In keeping with that strategy, his attorneys used their ten peremptory challenges to disqualify jurors who, under their rubric, were biased. Merchan had declined to remove several of them after unsuccessful for cause challenges from Trump. Another full day of voir dire on Friday will decide the remaining jurors.

The third day of jury selection was again striking, and Trumpian, for the swath of New York characters inside and outside the courthouse, including, reportedly, George Santos, who was down the street at the federal courthouse.

This morning, I was able to get into the courthouse before Trump himself arrived for the first time. Trump’s arrival isn’t visible from where you wait so much as it’s audible — a news helicopter was following his motorcade around, his arrival is announced by the growl of the helicopter blades.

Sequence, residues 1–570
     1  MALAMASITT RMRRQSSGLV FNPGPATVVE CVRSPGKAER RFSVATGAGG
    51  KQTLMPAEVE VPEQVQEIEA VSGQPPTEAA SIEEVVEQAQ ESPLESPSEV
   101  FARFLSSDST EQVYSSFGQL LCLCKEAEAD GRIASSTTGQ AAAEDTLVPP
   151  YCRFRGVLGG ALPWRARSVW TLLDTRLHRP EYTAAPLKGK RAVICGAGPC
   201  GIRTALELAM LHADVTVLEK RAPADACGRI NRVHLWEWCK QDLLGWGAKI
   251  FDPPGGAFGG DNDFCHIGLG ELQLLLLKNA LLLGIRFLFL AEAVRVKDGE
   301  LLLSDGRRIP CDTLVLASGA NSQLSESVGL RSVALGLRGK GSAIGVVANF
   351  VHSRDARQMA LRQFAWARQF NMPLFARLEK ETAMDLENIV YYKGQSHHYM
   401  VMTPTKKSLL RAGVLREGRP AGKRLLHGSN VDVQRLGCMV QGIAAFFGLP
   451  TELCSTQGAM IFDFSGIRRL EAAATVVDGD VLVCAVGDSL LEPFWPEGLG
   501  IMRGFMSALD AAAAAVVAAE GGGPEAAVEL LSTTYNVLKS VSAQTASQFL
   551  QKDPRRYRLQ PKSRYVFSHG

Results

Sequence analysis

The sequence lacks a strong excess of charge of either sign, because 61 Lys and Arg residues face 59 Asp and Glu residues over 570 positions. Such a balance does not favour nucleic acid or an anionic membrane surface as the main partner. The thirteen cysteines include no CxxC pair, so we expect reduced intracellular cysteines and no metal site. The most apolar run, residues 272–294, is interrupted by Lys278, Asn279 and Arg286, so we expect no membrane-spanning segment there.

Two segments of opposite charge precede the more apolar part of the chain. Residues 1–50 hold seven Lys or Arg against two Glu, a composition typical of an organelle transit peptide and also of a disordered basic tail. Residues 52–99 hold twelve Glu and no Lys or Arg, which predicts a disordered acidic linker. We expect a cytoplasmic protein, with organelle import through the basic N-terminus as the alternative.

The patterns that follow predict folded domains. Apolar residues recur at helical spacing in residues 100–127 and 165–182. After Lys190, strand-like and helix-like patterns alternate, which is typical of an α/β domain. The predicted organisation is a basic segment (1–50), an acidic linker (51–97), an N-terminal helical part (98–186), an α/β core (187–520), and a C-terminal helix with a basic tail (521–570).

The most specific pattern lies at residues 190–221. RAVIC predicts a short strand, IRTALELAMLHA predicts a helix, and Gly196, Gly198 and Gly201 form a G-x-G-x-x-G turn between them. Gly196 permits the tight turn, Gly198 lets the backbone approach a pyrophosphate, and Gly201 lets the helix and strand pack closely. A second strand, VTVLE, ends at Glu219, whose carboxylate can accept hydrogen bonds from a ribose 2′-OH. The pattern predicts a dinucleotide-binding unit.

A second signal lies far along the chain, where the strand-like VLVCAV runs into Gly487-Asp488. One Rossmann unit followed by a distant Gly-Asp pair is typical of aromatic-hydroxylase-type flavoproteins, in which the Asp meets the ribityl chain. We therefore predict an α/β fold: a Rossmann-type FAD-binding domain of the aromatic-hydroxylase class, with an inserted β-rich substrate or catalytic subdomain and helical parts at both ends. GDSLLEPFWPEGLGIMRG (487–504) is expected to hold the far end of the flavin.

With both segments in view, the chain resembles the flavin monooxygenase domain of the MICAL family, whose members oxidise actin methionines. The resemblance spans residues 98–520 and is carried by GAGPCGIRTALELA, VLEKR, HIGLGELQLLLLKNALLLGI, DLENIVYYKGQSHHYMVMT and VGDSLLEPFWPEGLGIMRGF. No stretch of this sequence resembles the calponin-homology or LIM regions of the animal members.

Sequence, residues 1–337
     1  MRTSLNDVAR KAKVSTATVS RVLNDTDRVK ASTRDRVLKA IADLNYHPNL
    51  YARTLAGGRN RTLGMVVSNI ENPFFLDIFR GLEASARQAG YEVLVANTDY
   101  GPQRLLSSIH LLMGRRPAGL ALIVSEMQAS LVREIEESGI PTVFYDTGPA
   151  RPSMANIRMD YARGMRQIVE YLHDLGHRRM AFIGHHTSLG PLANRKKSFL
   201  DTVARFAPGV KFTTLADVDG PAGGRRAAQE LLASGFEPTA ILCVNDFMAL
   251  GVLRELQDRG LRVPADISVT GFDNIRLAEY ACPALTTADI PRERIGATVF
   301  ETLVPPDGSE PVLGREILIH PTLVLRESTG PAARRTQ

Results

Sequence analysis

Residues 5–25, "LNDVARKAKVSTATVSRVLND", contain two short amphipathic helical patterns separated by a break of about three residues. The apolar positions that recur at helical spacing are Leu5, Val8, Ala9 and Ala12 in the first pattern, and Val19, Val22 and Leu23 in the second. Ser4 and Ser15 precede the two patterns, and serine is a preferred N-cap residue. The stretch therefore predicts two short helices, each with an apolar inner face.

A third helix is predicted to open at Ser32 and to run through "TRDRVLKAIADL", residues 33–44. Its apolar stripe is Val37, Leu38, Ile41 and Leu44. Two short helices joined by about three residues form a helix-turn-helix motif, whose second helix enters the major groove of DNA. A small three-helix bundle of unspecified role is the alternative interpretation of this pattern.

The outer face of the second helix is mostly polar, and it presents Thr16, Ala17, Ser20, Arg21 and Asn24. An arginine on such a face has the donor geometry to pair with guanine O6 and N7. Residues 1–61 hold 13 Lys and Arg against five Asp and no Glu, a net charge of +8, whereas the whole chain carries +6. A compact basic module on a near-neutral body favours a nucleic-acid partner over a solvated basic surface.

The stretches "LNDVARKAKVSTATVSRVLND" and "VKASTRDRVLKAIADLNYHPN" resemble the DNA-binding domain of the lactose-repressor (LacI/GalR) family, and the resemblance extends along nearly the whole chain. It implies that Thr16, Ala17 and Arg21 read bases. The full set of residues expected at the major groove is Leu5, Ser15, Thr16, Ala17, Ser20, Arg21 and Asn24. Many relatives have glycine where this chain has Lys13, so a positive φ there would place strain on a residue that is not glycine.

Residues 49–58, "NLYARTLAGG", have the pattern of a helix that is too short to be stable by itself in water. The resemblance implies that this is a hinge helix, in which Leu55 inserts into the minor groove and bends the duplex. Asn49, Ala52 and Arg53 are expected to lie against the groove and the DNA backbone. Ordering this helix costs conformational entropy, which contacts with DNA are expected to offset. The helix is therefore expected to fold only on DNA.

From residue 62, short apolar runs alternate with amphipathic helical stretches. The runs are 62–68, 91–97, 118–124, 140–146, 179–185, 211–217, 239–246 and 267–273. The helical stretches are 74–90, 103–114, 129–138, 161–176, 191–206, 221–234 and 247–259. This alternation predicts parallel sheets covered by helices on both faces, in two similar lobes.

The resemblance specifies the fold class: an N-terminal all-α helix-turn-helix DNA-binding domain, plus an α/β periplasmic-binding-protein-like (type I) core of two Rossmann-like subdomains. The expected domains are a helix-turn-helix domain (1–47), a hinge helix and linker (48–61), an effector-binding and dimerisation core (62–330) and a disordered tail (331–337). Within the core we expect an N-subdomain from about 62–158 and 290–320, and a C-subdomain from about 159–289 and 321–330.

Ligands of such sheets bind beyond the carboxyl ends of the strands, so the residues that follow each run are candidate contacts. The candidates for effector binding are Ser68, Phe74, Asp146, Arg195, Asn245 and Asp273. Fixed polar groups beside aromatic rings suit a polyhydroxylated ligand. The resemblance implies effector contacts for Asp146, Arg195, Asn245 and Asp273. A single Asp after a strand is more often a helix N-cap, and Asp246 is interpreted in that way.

It did afford me the opportunity to speak with one member of the public who decided to watch the proceedings, wearing an airplane pin and carrying a massive purse with a bronze clock on the outside.

This spectator told me that he was here not so much out of political or legal interest, but rather the pecuniary: he’s a professional poker player who planned on observing the body language, facial tics, and speech patterns of those involved in the case. He would then sell the information to professional gamblers seeking to bet on the outcome.

“In the gold rush, the people who were guaranteed to get rich sold the shovels,” he said.